May 25, 2007

5/24/07 Ponferrada Spain

"Heaven is everywhere. Why? Because we carry it with us."
Geri Larkin in FIRST YOU SHAVE YOUR HEAD

Last night we had all decided to walk alone today. Up ahead is the Cruz de Fierro, a special place on the Camino that predates the Christian, and before them the Romans, all the way back to the pagans.

Because the weather still looked dreadful, most people were reluctant to leave. So I set out alone as I walked through the village. The fog was so thick you could barely see ten feet in front of you.


This must be the way

After passing the last building, it was like walking off a cliff. You couldn't see the yellow arrows, and you could barely see the path. It was like letting go of all you feared, and just kept walking.


The fog getting thicker

Suddenly, out of the fog, I could barely make out the Cruz de Fiero. Traditionally, a pilgrim brings a rock from home and when they reach this spot, the leave it with all the rest of the thousands of pebbles. It represents all the burdens you have brought with you, but now that we are closer to Santiago, it's a type of cleansing, to leave those burdens here and continue on with a lighter heart.


The Cruz de Fiero



Mementos others left behind



Tomoko takes a moment at the chapel

Both of my Caminos, I forgot to bring a rock. But then it's symbolic. I know that I have left a lot of burdens behind since my last Camino. But even now, I know I still cling to a few. And I think that by accepting that, my imperfections, my clinging, that I become more human, more able to understand my fellow human beings.

So, in the dark, dense fog, I leave the Cruz behind and travel with a lighter heart.

But as I continue to walk, the fog begins to thin as the sun pushes it away. And with my lighter heart, the day becomes beautiful. I could see villages miles away on the mountains across the valley. It was a hard walk, but a great one through the mountains.


At a pilgrim road crossing



Sign at Manjarin



The fog breaking up



You could barely see the villages across the valley



Can you see the village now?



Climbing down to El Acebo



Memorial for a cycling pilgrim

In El Acebo I met Judy and Kathi from Alaska. They don't speak Spanish and don't even have a guidebook but they are having the time of their life.

All day we walked over shale and schist, down and down into the valleys. Like I said yesterday, it definitely feels like were in Galicia even though it's still a couple of days away.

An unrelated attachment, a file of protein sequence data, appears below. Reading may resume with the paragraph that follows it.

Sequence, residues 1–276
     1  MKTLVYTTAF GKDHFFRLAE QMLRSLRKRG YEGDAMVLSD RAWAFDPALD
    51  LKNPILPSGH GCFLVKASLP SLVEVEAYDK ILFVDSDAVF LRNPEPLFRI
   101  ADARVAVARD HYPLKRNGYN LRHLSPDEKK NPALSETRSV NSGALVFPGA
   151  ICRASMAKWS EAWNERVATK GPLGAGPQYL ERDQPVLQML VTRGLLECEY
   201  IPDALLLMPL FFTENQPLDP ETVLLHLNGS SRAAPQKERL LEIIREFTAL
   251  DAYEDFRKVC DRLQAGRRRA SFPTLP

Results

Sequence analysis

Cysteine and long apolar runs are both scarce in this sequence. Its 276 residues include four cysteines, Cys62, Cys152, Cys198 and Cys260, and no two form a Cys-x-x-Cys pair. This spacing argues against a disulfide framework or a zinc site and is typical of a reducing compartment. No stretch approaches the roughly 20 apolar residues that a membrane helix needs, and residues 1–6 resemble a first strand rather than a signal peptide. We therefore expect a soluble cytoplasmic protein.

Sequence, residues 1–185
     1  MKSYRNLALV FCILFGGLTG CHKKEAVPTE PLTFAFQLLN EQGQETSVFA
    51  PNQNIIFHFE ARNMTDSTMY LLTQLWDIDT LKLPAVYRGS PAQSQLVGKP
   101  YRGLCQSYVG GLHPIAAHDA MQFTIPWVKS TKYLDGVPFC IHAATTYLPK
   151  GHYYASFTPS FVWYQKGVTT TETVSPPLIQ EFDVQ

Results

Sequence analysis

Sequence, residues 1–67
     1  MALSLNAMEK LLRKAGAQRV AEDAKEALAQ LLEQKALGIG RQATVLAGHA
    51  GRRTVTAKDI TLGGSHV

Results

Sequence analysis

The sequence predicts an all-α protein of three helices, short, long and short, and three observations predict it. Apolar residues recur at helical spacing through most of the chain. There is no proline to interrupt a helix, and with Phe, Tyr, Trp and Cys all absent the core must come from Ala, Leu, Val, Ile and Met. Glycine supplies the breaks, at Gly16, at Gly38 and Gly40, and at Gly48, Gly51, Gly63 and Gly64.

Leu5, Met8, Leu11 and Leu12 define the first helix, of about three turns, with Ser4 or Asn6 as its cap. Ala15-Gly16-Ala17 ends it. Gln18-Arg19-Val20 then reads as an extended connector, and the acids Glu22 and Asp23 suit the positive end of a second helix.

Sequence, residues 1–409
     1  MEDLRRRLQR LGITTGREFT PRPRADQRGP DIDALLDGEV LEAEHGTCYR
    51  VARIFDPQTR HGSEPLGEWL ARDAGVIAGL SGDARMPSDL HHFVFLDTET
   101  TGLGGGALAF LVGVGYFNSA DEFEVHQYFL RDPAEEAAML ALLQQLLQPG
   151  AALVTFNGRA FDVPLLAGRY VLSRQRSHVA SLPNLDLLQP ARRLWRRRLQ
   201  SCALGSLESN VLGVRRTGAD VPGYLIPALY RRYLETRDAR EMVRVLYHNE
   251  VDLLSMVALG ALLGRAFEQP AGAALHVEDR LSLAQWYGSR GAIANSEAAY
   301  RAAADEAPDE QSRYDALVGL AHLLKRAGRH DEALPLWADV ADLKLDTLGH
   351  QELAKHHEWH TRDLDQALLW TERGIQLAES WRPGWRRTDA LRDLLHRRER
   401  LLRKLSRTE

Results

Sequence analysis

Lots of wonderful memories came flooding back as I walked through Reigo de Ambros. The last time I was here, just beyond the village was a small grove of ancient trees. And finally, like old friends I saw them. Five years ago, my friends and I spent a lot of time here, even though all the other pilgrims quickly walked by.

In the back of the grove was the largest grandfather tree that you will find anywhere on the Camino. He looked like he had lost one of his great arms due to lightening but otherwise was healthy and whole. So, under his branches with the sun beaming, I sat and meditated.

This was so unlike me - to take a break just to take a break. I didn't care how many pilgrims walked past on their way to the albergues. Spending this time under a tree that has watched millions of pilgrims walk by on their way to Santiago meant more than anything at the moment. Even if it meant I wouldn't get a bed because the refugio was full.

Once I finished my meditation, who should walk by but Alexandra. I was so happy to introduce this tree to her. Trees are the best teachers of patience because they have seen it all, and still they continue to thrive.


Sitting under a grandfather tree



Just a beautiful day

From here on, the climb down into the valley began to get steeper and a little rough as we finally made our way to Molinaseca. But along the trail were dozens of butterflies dancing around me as I walked through the wildflowers. A special day indeed.

After a quick break in Molinaseca, Alexandra and I continued on to Ponferrada. Outside of the city, the thermometer read 30C and it felt it. I think someone said I almost walked 30 km and my feet were in total agreement. It was with relief that I recognized the streets near the refugio. And I had no problem getting a bed. [smile]

After doing housekeeping chores, Alexandra and I went to the store to by food for a giant salad. And we were joined by Elke and Tomoko. And I got a chance to catch up with Jesse, another American I first met in Leon.

After dinner there was a short blessing at the chapel next to the refugio. During the service, everyone got to hold the pilgrim candle and say their own prayer or blessing. The hospitalrea said that every day for years, pilgrims just like us have held that same candle, so that our prayers had the power of millions.


The chapel next to the refugio

As I write this, we're in the middle of a thunderstorm and I'm glad to be dry inside under shelter with a bed. Not sure what tomorrow will bring, but today I'm content and happy.